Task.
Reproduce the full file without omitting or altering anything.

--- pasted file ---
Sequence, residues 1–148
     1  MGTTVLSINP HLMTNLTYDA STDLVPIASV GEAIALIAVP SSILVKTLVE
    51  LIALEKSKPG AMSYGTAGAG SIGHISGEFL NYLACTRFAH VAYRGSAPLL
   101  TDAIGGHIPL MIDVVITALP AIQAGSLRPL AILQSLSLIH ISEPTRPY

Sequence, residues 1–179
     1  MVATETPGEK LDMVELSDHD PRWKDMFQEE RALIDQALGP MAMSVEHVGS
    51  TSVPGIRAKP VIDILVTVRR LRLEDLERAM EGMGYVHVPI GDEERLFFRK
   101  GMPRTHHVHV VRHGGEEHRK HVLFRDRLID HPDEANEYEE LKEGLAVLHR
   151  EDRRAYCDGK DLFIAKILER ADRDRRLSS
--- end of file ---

Sequence, residues 1–148
     1  MGTTVLSINP HLMTNLTYDA STDLVPIASV GEAIALIAVP SSILVKTLVE
    51  LIALEKSKPG AMSYGTAGAG SIGHISGEFL NYLACTRFAH VAYRGSAPLL
   101  TDAIGGHIPL MIDVVITALP AIQAGSLRPL AILQSLSLIH ISEPTRPY

Sequence, residues 1–179
     1  MVATETPGEK LDMVELSDHD PRWKDMFQEE RALIDQALGP MAMSVEHVGS
    51  TSVPGIRAKP VIDILVTVRR LRLEDLERAM EGMGYVHVPI GDEERLFFRK
   101  GMPRTHHVHV VRHGGEEHRK HVLFRDRLID HPDEANEYEE LKEGLAVLHR
   151  EDRRAYCDGK DLFIAKILER ADRDRRLSS